Bluewater Regional Networks lights up historic network route between Canada and the U.S.
A waterfront city in southwestern Ontario, Sarnia is located on the shores of Lake Huron, where it flows into the St. Clair River. It’s situated directly across from Port Huron, Michigan, and has served as one of the busiest commercial gateways between Canada and the U.S. since 1836.
Sarnia prides itself on science and innovation. It’s a hub for the petrochemical, biochemical, and clean energy industries, and its business and educational leaders are committed to building an ‘innovation bridge’ to a new economy.
It’s no surprise, then, that when community-owned network provider Bluewater Regional Networks, Inc. (BRN) set out to improve digital connectivity between Canada and its neighbor the U.S., it chose Sarnia and Port Huron for its new cross-border network.
A century of serving the community
Formed in 2016, BRN is an affiliate of the Bluewater Power Group of companies, an energy provider serving the Sarnia-Lambton area for over 100 years. As part of the Bluewater Power family, BRN’s heritage and commitment to the region runs deep—the subsidiary was established to help solve digital divide issues.
BRN operates a high-speed fiber network that provides telecommunications services including data, internet, wireless, and cloud services to businesses in Sarnia and Lambton.
In January 2021, BRN partnered with 123NET, a Michigan-based network and internet service provider, to deploy a terrestrial network along the Sarnia-Port Huron border crossing, with the goal of directly linking the two communities with high-speed connection capabilities. BRN added interconnects with 123NET and Windstream in Michigan to provide more diverse options for mission-critical circuits. The network route, which is more direct and competitively priced compared to existing paths, traverses shorter distances and avoids Toronto, Chicago, Detroit, and Buffalo.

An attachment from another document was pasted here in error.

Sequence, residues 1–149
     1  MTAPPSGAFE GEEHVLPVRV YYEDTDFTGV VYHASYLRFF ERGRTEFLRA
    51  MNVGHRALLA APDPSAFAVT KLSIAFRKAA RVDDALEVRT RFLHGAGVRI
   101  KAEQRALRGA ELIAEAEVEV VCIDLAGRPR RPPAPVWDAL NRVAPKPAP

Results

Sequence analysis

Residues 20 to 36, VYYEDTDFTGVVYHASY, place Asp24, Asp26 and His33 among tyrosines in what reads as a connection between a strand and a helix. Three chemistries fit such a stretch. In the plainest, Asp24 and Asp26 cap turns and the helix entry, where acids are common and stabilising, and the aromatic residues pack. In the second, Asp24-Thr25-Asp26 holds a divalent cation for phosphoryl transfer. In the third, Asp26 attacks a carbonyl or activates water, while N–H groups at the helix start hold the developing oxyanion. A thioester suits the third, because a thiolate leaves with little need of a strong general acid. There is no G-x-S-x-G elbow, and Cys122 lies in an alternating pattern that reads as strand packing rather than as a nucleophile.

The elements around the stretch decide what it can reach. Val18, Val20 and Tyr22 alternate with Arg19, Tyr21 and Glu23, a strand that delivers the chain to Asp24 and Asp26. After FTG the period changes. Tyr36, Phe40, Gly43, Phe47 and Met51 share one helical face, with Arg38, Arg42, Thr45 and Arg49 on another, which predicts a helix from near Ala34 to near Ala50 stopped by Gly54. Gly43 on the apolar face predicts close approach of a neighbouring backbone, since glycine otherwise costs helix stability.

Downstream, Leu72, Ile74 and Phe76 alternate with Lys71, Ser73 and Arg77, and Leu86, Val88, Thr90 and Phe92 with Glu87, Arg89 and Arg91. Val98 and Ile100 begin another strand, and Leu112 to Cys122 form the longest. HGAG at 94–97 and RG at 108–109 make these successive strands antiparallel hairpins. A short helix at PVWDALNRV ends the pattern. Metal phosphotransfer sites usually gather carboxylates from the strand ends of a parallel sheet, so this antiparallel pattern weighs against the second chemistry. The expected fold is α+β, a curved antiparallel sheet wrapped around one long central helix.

The initial phases of the network buildout are focused on bringing commercial customers online, with plans to expand to residential services in subsequent phases.
BRN’s COO Chris Gould says, “To stay competitive in a digital economy, companies large and small need to have fast, reliable connectivity. With the new route, we can address underserved needs in Ontario and Michigan with network solutions that provide redundant and diverse connectivity.”
Redundancy and diversity matter
So, why is network diversity important to BRN? Isn’t it enough that a network is redundant? Not exactly. While redundancy provides an alternate instance of a network over the same route, diversity provides a geographically diverse path—meaning a completely independent connection. This ensures the network is protected from things like weather events or construction mishaps.
Both redundancy and diversity are key networking schemes, as they help keep networks online even if a primary connection goes down. The new Sarnia-Port Huron route is not only a low-latency and cost-efficient alternative to interconnect business across the border, but it’s also a potential diverse path that can add substantial resiliency to existing cross-border networks.
The technology behind the mission
Recognizing that its Sarnia-Port Huron network had to be carrier grade and built to meet the needs of the community over the long run, BRN turned to Ciena’s Waveserver Ai, which uses WaveLogic Ai and WaveLogic 5 Extreme coherent technology to support per-wavelength capacities up to 800 Gbps.
By deploying a high-capacity, flexible, and easy-to-operate network, BRN is able to meet regional connectivity requirements by providing its business customers with speeds spanning from 10GbE to 400GbE. What’s more, BRN was able to get the network up and running quickly thanks to the intuitive installation process and zero-touch service provisioning capabilities of the Ciena solution.
With a cost-effective operational model that can scale to meet future needs and ultra-low power per bit to reduce ongoing energy costs, BRN can manage the network in a way that best suits its business.
“Ciena’s Waveserver checked all the boxes,” Gould declares. “Right out of the gate we’re able to offer the same technical capabilities and quality of experience to our wholesale and commercial partners as the big transport guys.”
‘The place you want to be’
Sarnia says it’s ‘the place you want to be,’ and the slogan seems spot on. Not just because Sarnia is a picturesque lakeside city with gorgeous turquoise water and a rich history, but also for its brand-new high-speed network and all the opportunities it makes possible.
BRN’s Gould sums it up nicely: “Connected communities create economic opportunity and improve citizens’ quality of life by attracting businesses, creating jobs, increasing property values, and more. High-speed fiber access is central to these efforts.”
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